The Arizona Telemedicine Program Blog

Finding a telemedicine partner

Need a doctor? Just use your tablet to see one via video—your insurance company may even pay for it. Or go to your nearest pharmacy—or maybe a kiosk at your workplace—for a telemedicine visit. This new service model is much more convenient, faster and cheaper than heading to an emergency department or urgent care center, and it’s growing by leaps and bounds.

Doctors watching distance learning presentation

The Arizona Telemedicine Program (ATP) is known for improving health care in rural communities, saving lives and lowering costs. It’s also known as a leader in distance learning and continuing education programs, developed to meet the needs of patients, physicians and other health professionals.

Educational events such as medical grand rounds are attended “virtually” by physicians, nurses, dentists, therapists, emergency personnel, and other health professionals located throughout Arizona, via videoconferencing or live web streaming. Events offering continuing medical education (CME) credit for physicians and continuing education (CE) credit for nurses are both available. Thirty percent of participants who have attended virtually have received continuing education credits totaling more than 13,000 credit hours since 2000.

Doctor speaking with a pregnant patient through a virtual visit on a tablet

As a physician with over 20 years practicing medicine, I've always been an advocate of strong doctor-patient relationships. The strength of that relationship is the core of high-quality patient care.

Contrary to what some physicians think, I believe telemedicine actually has the power to enhance and harness that relationship — if we use it in the right way. Some physicians argue that virtual care can't equate to an in-office visit. But anyone in the know about telemedicine understands why that argument just doesn't hold up. In fact, virtual visits can be a great way to build trust with patients and maintain continuity of care (by keeping patients in your practice and competing with retail health, for instance).

Arizona Telemedicine Program's T-Health Institute

Arizona Telemedicine Program's T-Health Institute opened in 2003 on the University of Arizona's Biomedical Campus in downtown Phoenix. Its mission: to offer telemedicine and telehealth training, and to serve as a prototype e-classroom of the future.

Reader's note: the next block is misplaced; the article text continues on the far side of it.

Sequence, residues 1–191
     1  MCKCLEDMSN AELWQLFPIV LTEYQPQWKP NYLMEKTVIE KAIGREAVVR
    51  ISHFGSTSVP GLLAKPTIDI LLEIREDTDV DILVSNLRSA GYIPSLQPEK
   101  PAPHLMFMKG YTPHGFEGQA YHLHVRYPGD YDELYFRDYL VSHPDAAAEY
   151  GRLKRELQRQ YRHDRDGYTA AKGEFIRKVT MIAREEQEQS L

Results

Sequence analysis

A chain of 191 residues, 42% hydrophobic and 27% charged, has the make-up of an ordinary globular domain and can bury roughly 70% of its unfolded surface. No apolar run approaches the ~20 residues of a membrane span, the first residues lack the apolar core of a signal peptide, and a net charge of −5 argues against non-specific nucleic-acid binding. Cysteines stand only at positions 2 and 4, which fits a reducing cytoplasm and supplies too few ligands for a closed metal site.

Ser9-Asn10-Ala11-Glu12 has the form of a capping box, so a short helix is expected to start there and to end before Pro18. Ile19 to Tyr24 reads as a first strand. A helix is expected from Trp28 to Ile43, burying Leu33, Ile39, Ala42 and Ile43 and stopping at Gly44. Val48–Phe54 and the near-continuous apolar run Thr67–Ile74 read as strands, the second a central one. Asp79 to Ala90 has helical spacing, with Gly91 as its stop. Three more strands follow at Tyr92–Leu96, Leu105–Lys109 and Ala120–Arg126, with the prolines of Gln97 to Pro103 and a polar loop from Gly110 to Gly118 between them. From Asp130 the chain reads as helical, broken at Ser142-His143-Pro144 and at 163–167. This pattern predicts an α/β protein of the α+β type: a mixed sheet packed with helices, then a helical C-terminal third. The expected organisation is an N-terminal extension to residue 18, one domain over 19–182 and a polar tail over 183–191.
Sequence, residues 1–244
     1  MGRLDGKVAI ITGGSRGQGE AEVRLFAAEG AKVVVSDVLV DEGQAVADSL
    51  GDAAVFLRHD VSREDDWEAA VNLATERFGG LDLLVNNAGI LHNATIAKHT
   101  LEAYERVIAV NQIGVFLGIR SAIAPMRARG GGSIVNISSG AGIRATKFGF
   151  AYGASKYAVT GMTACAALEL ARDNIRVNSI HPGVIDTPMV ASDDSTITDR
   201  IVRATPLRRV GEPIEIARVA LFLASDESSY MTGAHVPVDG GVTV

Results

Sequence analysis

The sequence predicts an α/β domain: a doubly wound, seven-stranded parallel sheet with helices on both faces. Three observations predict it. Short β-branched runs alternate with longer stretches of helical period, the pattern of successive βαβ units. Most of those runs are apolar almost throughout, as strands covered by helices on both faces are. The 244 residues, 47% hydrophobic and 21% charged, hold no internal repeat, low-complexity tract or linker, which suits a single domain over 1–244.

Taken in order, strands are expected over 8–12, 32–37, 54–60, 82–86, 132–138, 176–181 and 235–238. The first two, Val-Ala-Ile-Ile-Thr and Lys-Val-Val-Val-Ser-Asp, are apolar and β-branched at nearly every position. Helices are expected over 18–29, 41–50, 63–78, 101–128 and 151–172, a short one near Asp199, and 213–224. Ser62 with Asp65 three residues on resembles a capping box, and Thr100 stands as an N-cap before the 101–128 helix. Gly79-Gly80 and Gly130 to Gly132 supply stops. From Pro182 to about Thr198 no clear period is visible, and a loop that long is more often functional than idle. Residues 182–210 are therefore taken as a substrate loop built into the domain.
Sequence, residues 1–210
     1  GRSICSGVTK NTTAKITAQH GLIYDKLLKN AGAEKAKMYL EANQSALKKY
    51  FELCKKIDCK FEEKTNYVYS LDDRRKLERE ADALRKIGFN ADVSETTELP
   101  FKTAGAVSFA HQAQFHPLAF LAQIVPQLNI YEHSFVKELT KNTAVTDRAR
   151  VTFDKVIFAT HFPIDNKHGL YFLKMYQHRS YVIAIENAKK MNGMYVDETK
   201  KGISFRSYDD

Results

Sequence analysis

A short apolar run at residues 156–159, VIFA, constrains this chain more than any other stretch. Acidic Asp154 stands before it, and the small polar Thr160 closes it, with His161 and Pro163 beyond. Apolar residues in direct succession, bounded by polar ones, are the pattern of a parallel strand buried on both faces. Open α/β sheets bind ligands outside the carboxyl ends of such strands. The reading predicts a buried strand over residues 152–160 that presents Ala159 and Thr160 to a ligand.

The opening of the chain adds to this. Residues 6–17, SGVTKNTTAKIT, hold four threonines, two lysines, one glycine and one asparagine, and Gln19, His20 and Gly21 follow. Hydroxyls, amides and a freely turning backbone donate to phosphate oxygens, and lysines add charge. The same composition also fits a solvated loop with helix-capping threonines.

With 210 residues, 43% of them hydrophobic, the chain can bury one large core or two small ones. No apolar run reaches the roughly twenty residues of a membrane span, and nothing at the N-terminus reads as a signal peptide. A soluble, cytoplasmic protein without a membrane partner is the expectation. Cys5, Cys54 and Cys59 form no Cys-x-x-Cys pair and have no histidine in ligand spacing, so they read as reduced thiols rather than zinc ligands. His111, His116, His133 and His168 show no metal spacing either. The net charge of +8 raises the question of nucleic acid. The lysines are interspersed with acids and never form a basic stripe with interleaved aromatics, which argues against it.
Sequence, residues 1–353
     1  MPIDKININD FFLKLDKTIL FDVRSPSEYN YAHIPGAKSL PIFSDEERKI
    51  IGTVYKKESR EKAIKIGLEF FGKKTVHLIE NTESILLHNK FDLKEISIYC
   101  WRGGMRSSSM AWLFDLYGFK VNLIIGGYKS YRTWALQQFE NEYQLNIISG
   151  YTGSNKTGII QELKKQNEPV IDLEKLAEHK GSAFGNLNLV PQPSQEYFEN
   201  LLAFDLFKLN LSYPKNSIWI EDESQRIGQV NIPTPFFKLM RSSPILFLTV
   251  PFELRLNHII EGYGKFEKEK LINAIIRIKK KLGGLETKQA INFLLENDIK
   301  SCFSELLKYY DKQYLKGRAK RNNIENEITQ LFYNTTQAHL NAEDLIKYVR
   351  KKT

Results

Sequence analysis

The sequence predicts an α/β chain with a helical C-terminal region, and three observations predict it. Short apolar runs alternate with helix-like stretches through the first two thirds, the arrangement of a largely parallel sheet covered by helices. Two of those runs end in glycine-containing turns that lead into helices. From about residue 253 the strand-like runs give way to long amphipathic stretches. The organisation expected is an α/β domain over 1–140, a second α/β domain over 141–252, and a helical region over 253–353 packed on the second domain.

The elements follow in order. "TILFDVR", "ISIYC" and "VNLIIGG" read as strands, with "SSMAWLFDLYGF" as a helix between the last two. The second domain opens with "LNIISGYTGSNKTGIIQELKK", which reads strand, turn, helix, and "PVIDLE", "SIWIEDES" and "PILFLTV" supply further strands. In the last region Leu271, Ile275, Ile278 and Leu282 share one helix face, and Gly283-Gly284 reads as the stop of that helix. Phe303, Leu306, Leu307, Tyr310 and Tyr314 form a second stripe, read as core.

The Institute is fulfilling its mission. More than 20 different organizations have used the amphitheater over the past 12 months, and not all are about medicine and health care.

Skilled nursing facility

Telemedicine is a relatively new way to bring medical examinations, diagnosis and treatment services to a patient over a network. Telemedicine solutions that include peripherals, such as a stethoscope, otoscope and high quality zoom camera, bring patients face-to-face with an offsite physician who can quickly examine, diagnose and provide treatment options during an off-hours emergency.

The use of a telemedicine system within a skilled nursing facility (SNF) not only opens dialogue between healthcare professionals at different facilities, but also allows an offsite physician to more rapidly access and diagnose the patient and recommend treatment based on a first-hand evaluation, offering an even greater level of patient care. With these benefits in mind, telemedicine is becoming increasingly important for skilled nursing facilities facing a wave of new penalties stemming from changing rules governing patient readmissions.

Patient communicating with doctor via telemedicine

“Telemedicine doesn’t work!” That’s what I heard a few years ago from two angry friends who knew I worked in the field of telebehavioral health.

It turned out that the husband had had symptoms that led the ED staff at their local hospital to think he might be having a stroke. That hospital had a telestroke service, which was used to determine whether he had had an ischemic stroke and needed the clot-busting drug tPA to save his life.

tele-echocardiography in the operating room

In 2006, Banner Health made the decision to equip every one of their ICU beds with an eICU system that provides round-the-clock, “remote” care to critical care patients. Banner Telehealth’s eICU operations centers, located in Mesa, Ariz., Denver, Colo., Santa Monica, Calif., and Tel Aviv, Israel, has helped reduce patient mortality and shortened ICU stays.

In 2013, Banner took another step toward state-of-the-art intensive care, by implementing a tele-echocardiography system to relay patients’ echocardiographic images to the eICU in real time. This was achieved by training respiratory therapists to obtain the images and project them in real time to the tele-ICU physician via the tele-ICU Camera.


Share this